Press release



The pandemic and the various restrictions imposed, including lockdown, have seen an increase in time spent online, and not just for work. Some sectors have benefited from this, such as the video game world and online gambling sites, which have seen record audiences, as well as record wagering in 2020 and 2021. With the closure of the casinos, those who played in them have retreated to the web. And those who didn't play have perhaps discovered a new hobby. This is a fact that makes the Minister of Justice, Vincent Van Quickenborne (Open VLD), cry wolf and crusade against the sector for several months. However, it is necessary to qualify these increases. The company Entain, formerly GVC Holdings, specialized in betting on the Internet and owner of Ladbrokes, has revised its forecasts downwards for 2022. Rising fuel and food prices are now forcing customers to cut back on non-essential spending. This also tends to demonstrate the lack of addiction in the majority of players when it comes to making choices.

Ladbrokes is an international brand that is operated in Belgium by DERBY S.A., which is a subsidiary of the multinational Entain Holdings PLC. Listed on the London Stock Exchange, the London-based company, which has been in existence since 1886, has had to revise its revenue forecasts downwards. Online gamblers are spending less money due to the cost of living squeeze, the company said in a statement, which has caused the company's share price to fall.

 A 7% drop in the second quarter

Entain, which in March 2022 forecast annual online gaming net revenue growth in the mid-to-high range, said that "a weaker macroeconomic environment is reducing the rate of customer spending, thereby moderating overall online growth." As a result, online gaming net revenue at Entain, which also owns the betting stores, Coral, and online brands, bwin and partypoker, fell 7 percent in the second quarter of this year.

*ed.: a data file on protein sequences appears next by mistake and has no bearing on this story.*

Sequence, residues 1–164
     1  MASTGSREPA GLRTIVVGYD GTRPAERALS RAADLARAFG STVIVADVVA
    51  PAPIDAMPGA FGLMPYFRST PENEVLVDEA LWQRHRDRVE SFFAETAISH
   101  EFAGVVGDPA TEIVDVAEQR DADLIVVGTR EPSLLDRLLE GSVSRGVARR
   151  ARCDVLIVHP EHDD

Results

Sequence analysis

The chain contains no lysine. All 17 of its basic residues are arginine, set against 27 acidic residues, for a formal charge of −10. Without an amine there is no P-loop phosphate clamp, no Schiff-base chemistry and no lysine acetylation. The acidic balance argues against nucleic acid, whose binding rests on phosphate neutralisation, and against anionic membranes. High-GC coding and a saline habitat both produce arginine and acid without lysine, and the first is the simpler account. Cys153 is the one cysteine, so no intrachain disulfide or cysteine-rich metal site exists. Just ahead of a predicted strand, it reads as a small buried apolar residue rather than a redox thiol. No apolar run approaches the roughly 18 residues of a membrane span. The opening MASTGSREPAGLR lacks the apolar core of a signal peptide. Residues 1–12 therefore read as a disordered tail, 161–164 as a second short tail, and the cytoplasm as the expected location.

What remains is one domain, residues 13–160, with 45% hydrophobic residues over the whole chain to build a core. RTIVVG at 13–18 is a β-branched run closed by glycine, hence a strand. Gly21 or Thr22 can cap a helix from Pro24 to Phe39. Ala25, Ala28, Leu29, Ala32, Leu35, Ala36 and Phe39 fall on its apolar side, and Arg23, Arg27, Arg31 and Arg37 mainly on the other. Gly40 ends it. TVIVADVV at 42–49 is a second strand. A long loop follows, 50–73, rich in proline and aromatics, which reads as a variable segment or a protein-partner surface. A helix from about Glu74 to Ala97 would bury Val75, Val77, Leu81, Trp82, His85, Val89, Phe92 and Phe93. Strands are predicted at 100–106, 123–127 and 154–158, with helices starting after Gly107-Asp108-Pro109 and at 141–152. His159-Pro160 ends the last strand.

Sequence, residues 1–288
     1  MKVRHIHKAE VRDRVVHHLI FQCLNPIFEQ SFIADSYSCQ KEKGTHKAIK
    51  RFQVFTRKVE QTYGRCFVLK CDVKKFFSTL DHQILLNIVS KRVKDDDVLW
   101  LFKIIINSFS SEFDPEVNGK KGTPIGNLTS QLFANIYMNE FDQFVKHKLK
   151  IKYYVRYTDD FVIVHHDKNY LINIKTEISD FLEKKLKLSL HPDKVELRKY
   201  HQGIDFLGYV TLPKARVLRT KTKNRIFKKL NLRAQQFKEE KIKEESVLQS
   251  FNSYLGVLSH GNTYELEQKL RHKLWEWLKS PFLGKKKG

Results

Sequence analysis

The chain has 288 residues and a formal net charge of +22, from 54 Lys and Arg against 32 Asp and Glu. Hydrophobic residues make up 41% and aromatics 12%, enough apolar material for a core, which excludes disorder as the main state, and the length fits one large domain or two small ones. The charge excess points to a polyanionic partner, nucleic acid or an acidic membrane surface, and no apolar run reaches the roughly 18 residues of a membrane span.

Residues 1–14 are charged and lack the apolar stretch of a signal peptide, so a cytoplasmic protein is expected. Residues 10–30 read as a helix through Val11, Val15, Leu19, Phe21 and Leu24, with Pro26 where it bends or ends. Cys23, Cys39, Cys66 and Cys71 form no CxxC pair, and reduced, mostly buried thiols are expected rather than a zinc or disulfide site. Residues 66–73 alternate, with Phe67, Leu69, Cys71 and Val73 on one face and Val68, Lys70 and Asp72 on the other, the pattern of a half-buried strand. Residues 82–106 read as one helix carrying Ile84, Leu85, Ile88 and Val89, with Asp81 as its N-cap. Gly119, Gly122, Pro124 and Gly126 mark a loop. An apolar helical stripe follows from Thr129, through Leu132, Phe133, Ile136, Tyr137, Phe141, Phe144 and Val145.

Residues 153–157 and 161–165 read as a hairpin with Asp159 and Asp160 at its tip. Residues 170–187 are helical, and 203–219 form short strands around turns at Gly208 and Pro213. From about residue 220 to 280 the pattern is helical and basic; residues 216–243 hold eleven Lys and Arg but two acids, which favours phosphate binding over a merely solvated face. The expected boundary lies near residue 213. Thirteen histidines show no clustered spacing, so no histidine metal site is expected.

The betting group, which has more than 15,000 employees worldwide and powers the de facto market economy, said its full-year net gaming revenue outlook did not include, at this stage, a possible further decline in revenue due to regulatory uncertainty in the U.K., as in other group countries. Britain is expected, as is underway in Belgium, to publish new rules in September next year, after introducing several rules in recent years, including a cap on the maximum stake, stricter age and identity checks for online gambling and increased support for people who become addicted.

Less purchasing power

With the decontrol and the declared crisis in Ukraine putting a strain on purchasing power, there are fewer online gamblers, which is detrimental to the industry. This observation also raises the question of problem gambling. What are the causes of problem gambling? Like all addictions, this one can be the result of several factors. Among them: the genetics of the addicted person, as well as his or her personality and environment. Addiction vs. market economy: gambling is at the crossroads of antagonistic interests that inevitably come into conflict. These games, whatever their nature, involve both a risk of addiction for the players and have always represented a significant financial interest for the State. The regulation of the sector therefore expresses this balance to be found between players to be kept and addicts to be treated.

A nuance...

While it is unfortunate that the consequences of gambling are harmful and detrimental to a small proportion of players, the games present a risk in absolute terms, whether they are offered by the public operator, the National Lottery, or by private operators and whether they are offered virtually or physically (drawing, scratching, etc.). It is therefore a curious position for Minister Van Quickenborne (Open VLD) to defend the protection of public health in order to strangle the private sector of online games and, at the same time, to neglect other impacting aspects when it comes to the National Lottery, even though these are obviously similar battles. There is a lot of talk at the moment about building for the "after" economic crisis. Wouldn't it be a good idea to look at the "during"? This would, at the very least, guarantee the economic viability of the legal sector by avoiding an overly strict legislative and regulatory framework imposed on the private sector alone.

Click here to read the article.